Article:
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Summary:

Through its mobile app development Technovation Challenge, nonprofit Iridescent Learning has reached thousands of girls across the country. Now it wants to reach around the world.

Iridescent
photo: Iridescent Learning

Growing up in India, Tara Chklovski said she felt that young girls and boys were equally encouraged to study engineering and the sciences. So when she came to the U.S. in her early twenties, she was surprised to see women leaning away from careers in technology.

“I was struck by how, in a first-world country, you have women who don’t see themselves as inventors and problem-solvers,” she said. “Women don’t see science and engineering as fields that are accessible to them.”

Chklovski had planned to pursue a PhD in aerospace engineering and then work for an aviation company. But, along the way, she decided to switch gears and launch the non-profit Iridescent Learning, with a mission of bringing a STEM (science, technology, engineering and math) curriculum to high school girls and encouraging women engineers, scientists and other high-tech professionals to be mentors.

And now that the program is gaining traction in the U.S., she’s expanding its scope to countries around the world.

Meetups meet massive open online classes

Through its annual Technovation Challenge, girls across the country take part in a 12-week mobile app development program that includes involvement from female tech leaders like Yahoo CEO Marissa Mayer and Edmodo CEO Crystal Hutter. Participants meet with their team and a teacher or local mentor each week in person, as well as follow online instructions through P2PU, an online open education project.

“[The program is] like a hybrid between meetups and Coursera,” said Chklovski.

This year, for example, the program challenged more than 100 teams of girls to create a mobile app that solves an issue in their community. Some of the finalists, who will pitch their ideas to judges from Google, Dropbox, the Office of Naval Research and other STEM organizations this week, include an app that pairs nonprofits and volunteers and a mobile service for school attendance taking. The top team will win $10,000 and support to bring their app to market.

Given the dearth of programming instruction in the U.S. schools — it’s not offered at 90 percent of U.S. schools, despite the fact that programming jobs are growing at double the pace of other jobs, according to Code.org — more startups and nonprofits are stepping up to fill the instructional void.

But, as Silicon Valley knows so well, the need for technical training is even more pronounced among women and girls. While about 57 percent of bachelor’s degrees go to women, the percentage of computer science degrees earned by women is in the low double-digits. In addition to Iridescent, organizations like Girls Who Code, Girl Develop It and Black Girls Code are zeroing on the gender gap in technology with programs that give women and girls technical training and support networks.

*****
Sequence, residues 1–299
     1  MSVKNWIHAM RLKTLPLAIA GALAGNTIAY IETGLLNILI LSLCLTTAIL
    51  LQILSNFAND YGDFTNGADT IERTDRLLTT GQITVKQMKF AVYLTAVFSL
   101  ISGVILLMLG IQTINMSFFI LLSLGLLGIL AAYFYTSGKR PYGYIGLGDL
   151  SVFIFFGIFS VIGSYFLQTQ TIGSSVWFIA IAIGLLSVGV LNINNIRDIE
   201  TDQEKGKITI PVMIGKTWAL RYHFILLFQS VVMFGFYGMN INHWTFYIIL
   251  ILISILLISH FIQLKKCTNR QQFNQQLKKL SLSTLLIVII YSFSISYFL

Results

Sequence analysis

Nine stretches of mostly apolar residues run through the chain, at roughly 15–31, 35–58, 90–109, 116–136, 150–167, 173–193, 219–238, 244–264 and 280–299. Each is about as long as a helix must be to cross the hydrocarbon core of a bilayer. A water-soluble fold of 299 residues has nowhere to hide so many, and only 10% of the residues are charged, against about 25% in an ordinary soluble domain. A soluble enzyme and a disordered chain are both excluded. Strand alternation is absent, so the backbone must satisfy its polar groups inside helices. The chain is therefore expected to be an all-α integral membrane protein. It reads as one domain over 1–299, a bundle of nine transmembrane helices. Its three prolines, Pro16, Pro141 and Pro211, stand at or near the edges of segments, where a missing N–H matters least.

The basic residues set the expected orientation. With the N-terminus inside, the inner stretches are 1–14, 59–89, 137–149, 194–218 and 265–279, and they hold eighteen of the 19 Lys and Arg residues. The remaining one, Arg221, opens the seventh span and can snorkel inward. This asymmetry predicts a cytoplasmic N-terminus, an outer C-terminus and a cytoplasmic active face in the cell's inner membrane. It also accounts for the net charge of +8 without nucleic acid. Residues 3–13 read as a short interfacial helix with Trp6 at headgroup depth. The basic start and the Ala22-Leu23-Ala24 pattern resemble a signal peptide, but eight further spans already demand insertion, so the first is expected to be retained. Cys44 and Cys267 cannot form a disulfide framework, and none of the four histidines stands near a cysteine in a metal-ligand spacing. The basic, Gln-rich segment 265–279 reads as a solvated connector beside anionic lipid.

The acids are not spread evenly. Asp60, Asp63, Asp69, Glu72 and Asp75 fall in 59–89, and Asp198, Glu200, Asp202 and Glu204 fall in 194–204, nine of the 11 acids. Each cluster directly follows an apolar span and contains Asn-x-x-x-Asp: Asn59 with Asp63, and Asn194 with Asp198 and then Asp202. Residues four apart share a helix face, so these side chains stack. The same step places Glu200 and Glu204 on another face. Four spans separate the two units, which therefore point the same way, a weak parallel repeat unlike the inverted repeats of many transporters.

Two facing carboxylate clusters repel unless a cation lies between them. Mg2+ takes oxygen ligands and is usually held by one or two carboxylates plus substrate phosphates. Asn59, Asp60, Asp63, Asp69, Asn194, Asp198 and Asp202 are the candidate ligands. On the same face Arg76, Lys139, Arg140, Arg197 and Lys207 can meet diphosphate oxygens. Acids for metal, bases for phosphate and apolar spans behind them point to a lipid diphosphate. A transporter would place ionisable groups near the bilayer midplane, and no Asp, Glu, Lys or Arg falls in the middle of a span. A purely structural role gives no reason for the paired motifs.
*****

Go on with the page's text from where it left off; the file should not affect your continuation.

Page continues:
Inspiring women inventors in the developing world

In the seven years since its launch, Iridescent has raised millions of dollars from the National Science Foundation and the Office of Naval Research and it’s partnered with top tech companies like Google, Microsoft, Twitter and LinkedIn to mentor and educate more than 17,000 girls in NY, LA, Chicago, Boston and the Bay Area through its several programs.

For the first time this year, international teams competed in the Technovation Challenge. But Chklovksi said she wants to reach beyond more affluent teams overseas to girls in the developing world.

While Iridescent can shoulder the cost of providing teams with mobile phones and corporate partners with international networks can help provide access to other technology, Chklovski said that as they expand, a bigger challenge may be infrastructure issues — for example, reaching areas that don’t have widespread Internet access. For teams in those regions, she said, they’re moving content to USB drives so students aren’t dependent on the Internet.

Other teams may face cultural barriers. This year, a team from Ghana that wanted to participate in the challenge ran into difficulties because it was only culturally-appropriate for middle-aged men to have mobile phones, not young girls. Translating the program’s content from English into different languages will likely be another issue as Iridescent boosts its presence in the developing world.

But Chklovski said they’re learning from their efforts and are working with their partners’ local networks around the world to troubleshoot problems that pop up. And to be extra sure teams in more remote areas can still complete the program, she said that for next year they’re removing the 12-week schedule so that teams have ample time to complete the curriculum.

“[The idea] is girls in third world countries looking at a phone and saying, ‘I can fix this’,” she said. “It’s having the confidence to think of themselves as inventors. We’re changing the way the public sees girls and the way that girls see themselves.”

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